“I started off that record scared to death,” Kim Richey recalls of making Glimmer with producer Hugh Padgham back in 1999 in New York and London. A disastrous haircut, unfamiliar musicians, and oversized budgets didn’t help matters. “It wasn’t the way I was used to making records.”
The way Richey was used to making records was with friends in a vibed-out, low-key setting. That’s how she made her debut album with Richard Bennett, and it’s how she made her new album, Long Way Back… The Songs of Glimmer, with Doug Lancio. So Glimmer was different, and not just on the production side.
Then, as now, the compositions that comprise Glimmer were the Grammy-nominated singer/songwriter’s first collection of true confessionals. Prior to that she’d been a staff writer at Blue Water Music writing from a more arm’s-length vantage point for her first two releases, 1995’s Kim Richey and 1997’s Bitter Sweet. But Glimmer was all her.
Revisiting that history for A Long Way Back was both emotional and edifying for her. “I was pretty broken-hearted when I wrote and recorded most of those songs and I remember feeling that way,” she says. “At the time, I needed to really get out of my head and out of Nashville. I think that was what appealed to me so much about making a record somewhere that wasn’t home and with new people. Recording these songs again was a good way to look back and remember I made it through those times.”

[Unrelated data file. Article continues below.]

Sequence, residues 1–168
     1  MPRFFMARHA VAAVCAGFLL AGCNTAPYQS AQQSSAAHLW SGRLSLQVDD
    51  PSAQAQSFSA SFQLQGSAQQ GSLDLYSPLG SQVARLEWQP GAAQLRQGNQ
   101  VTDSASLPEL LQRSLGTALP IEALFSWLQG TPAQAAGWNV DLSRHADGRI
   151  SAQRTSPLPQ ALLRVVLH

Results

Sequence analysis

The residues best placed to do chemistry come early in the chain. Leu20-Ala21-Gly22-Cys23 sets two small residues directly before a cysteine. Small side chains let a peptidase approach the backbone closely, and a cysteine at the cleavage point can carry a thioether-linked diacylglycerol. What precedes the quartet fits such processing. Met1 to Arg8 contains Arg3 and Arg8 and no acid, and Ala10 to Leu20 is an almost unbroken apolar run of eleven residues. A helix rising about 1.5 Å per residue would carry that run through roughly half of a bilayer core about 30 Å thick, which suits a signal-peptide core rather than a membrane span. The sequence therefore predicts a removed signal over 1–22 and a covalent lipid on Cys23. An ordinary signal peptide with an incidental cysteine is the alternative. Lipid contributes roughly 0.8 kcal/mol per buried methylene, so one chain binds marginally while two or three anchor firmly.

The 20 years of distance between then and now provided another benefit, as well: Richey is more comfortable with her voice, both literally and metaphorically. As a result, Long Way Back sounds like it has nothing to prove and nothing to hide. It’s more spacious, but not less spirited, with Richey’s voice, in particular, feeling more relaxed and rounded than on the original. Starting with “Come Around,” the 14 new renderings take their time to make their points, meandering casually around, much like their maker.
On Long Way Back… The Songs of Glimmer, though, she’s not pretending to be anything or anyone she’s not, and neither are the songs. Richey and Lancio set out to make a guitar/vocal record, but the songs had something else in mind, and that something included drums by Lancio’s legendary neighbor, Aaron “the A-Train” Smith, among other things. “Once we stopped making rules about what could and could not be on the record, the songs spoke for themselves,” Richey says. “I knew all along I wanted Dan Mitchell to play flugelhorn, and the two tracks he played on are two of my favorites. In the end, the songs decided.”
From her move to Nashville to her making this record, for Kim Richey, the songs have always decided.
SAN FRANCISCO INDIE-ROCKER NERD Megan Slankard has independently sold over 40,000 copies of her five self-released albums and is currently planning consecutive releases of a brand new double-EP project winter 2021. The new EPs, which were co-produced with Nashville Producer Alex Wong (Vienna Teng, Delta Rae), will showcase new sides of Megan’s music, balancing delightfully belligerent rock and roll with lush cinematic soundscapes of orchestral instruments and robot harmonies.